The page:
The trial in Cairo of an Irish teenager Ibrahim Halawa and 493 other defendants was postponed Tuesday, with the next session to be held on 19 December.
The 19-year-old is one of several hundred people facing charges of murder and attempted murder in relation to an August 2013 incident at the Al-Fateh Mosque in Cairo’s Ramses area.
Halawa was arrested in the area of the mosque during protests in support of former president Mohamed Morsi that security forces were attempting to suppress.
According to the government, there was an “exchange of fire” between the security forces and protesters located in the outer areas of the mosque, resulting in the deaths of at least 97 people.
Halawa was detained along with 493 other defendants, who now face a mass-trial on charges of murder and attempted murder for their alleged role in violence at the protest.
A motion calling on the Egyptian authorities to release Halawa is due to go before the European Parliament on Thursday, according to Irish news agency RTE.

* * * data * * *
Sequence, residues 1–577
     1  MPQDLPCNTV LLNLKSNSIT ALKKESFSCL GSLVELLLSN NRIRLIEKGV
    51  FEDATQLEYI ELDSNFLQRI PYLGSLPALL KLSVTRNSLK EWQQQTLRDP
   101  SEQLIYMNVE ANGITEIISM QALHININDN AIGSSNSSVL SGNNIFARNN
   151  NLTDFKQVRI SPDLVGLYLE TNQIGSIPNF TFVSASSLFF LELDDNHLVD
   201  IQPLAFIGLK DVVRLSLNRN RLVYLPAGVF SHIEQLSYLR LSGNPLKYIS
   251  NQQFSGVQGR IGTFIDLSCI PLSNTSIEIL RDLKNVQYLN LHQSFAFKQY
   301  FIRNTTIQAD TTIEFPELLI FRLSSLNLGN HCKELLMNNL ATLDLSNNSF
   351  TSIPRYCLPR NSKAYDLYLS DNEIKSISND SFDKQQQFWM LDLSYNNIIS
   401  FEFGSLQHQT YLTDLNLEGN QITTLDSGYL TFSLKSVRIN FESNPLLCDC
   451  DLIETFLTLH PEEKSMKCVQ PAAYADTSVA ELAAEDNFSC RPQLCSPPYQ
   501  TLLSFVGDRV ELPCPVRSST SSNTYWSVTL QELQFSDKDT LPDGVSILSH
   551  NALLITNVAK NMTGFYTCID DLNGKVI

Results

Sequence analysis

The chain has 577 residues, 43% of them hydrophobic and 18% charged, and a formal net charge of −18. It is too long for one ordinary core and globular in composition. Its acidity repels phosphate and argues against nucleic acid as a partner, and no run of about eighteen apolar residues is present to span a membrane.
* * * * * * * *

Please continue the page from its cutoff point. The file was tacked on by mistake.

The trial has been repeatedly postponed. If convicted, Halawa could receive the death penalty.
Since his arrest, he has been held in pre-trial detention, a controversial process in the Egyptian legal system. In August 2015, Halawa had spent two years in detention, which is the pre-trial detention limit.
In June, the Irish foreign ministry said it seeks to acquire a presidential pardon for Halawa when the trial ends, as the Irish government “cannot interfere in the Egyptian legal system” as stated by the Irish Prime Minister.
Amnesty International has designated Halawa a “prisoner of conscience” and called for his release. It also pointed out that the prosecutor has failed to provide evidence incriminating him.